The capital cities of Alabama and Ukraine are separated by 5,538 miles. However, the conflict in Ukraine, which is now entering its second month, might soon be felt in the Heart of Dixie.

On Monday, the White House held a briefing warning of Russia’s intent to launch cyberattacks against targets in the United States. The briefing was delivered by Anne Neuberger, Deputy National Security Advisor. Previously,  1819 News reported on the increased threat of cyberattacks on US targets resulting from Russia’s invasion of Ukraine.

Monday’s briefing was unique in the specificity of the threat – US infrastructure. Now, Alabama officials and business experts are preparing and responding.

According to the statement and factsheet from President Biden, “the reality is that much of the Nation’s critical infrastructure is owned and operated by the private sector and the private sector must act to protect the critical services on which all Americans rely.”

Cyberattacks are not unheard of in Alabama.

In May of 2021, Colonial Pipeline, based in Pelham, was the target of a ransomware attack. The company is said to have eventually paid $5 million in Bitcoin to regain access to its system.

According to Kevin Feeney, Senior Director of Corporate Communication for Colonial Pipeline, the company welcomes the efforts from the White House.

“We are incredibly supportive of efforts to increase collaboration between government and industry in order to remain laser-focused on our common mission: working faster and smarter than our adversaries,” said Feeney.

When asked what lessons from their experience with a cyberattack they might share with other companies, Feeney echoed the guidance from the White House. 

“For companies defending against these evolving threats or responding to an attack, having clear knowledge of who in government they should be coordinating with is important,” Feeney said. “It’s also important to remember cybersecurity threats evolve constantly, and regulation should allow enough flexibility for companies to respond to those evolving threats.”

The power grid is an area of concern when it comes to possible targets for cyberattacks. The Electricity Subsector Coordinating Council (ESCC) represents the electric power industry, including Alabama Power, with the stated mission of “coordinating efforts to prepare for national-level incidents or threats to critical infrastructure”.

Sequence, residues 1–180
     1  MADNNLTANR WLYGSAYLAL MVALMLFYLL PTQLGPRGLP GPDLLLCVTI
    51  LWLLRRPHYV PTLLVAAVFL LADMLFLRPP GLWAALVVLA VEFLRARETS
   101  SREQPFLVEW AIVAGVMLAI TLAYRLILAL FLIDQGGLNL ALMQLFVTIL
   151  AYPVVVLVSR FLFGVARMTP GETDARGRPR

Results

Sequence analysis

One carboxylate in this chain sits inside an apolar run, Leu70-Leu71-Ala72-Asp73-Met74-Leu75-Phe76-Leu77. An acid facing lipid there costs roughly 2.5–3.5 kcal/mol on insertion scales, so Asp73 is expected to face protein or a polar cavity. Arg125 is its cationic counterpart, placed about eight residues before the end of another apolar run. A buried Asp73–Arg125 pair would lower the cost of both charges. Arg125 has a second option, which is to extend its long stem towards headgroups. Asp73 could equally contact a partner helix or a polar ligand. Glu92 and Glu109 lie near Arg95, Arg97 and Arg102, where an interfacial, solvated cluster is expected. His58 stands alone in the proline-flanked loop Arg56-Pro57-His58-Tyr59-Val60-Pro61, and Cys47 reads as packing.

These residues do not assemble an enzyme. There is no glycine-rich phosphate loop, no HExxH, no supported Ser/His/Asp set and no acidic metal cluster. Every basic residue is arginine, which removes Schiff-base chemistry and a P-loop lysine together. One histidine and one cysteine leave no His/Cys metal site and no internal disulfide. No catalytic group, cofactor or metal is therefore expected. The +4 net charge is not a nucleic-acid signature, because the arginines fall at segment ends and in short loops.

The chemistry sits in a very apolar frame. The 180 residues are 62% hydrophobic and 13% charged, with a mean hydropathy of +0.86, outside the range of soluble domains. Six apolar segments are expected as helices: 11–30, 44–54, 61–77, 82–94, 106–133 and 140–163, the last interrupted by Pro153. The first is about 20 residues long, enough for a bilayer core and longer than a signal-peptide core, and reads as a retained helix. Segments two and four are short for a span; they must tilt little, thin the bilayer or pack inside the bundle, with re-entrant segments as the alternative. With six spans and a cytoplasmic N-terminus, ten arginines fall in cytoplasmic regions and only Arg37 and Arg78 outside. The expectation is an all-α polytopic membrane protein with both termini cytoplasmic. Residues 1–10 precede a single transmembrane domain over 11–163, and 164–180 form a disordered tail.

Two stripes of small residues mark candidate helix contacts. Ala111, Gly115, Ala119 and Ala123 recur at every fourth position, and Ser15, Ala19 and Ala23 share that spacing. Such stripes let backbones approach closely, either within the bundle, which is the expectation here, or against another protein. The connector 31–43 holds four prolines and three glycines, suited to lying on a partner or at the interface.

In response to an inquiry from 1819 News, Brian Riel of the ESCC stressed the industry’s long-term focus on these threats.

“The threat of cyber and physical attacks targeting critical infrastructure is not new,” Riel said. “The nation’s electricity providers continuously monitor for threats and are prepared to defend the grid and their infrastructure and systems. They also continue to work with a key partner, the Electricity Information Sharing and Analysis Center (E-ISAC), which analyzes electricity-specific information and context.”

Collaboration between the government and private actors was another sentiment shared by the ESCC.

“Protecting our nation’s critical energy infrastructure is a responsibility shared by the energy industry and our government partners at all levels,” Riel said. “We appreciate the ongoing collaboration of our federal partners and their level of outreach to ensure that the entire energy industry maintains a vigilant and secure posture.”

One cyber expert said the Colonial Pipeline attack is just a glimpse of the disruption Russian cyber agents could create. Jacob Roya, CISSP, is the CEO of Intraframe Corporation and a cyber threat intelligence analyst based in Memphis, Tenn.

“They have a very capable cyber force, and we have yet to see the full scope of the capabilities of Russia,” said Roya.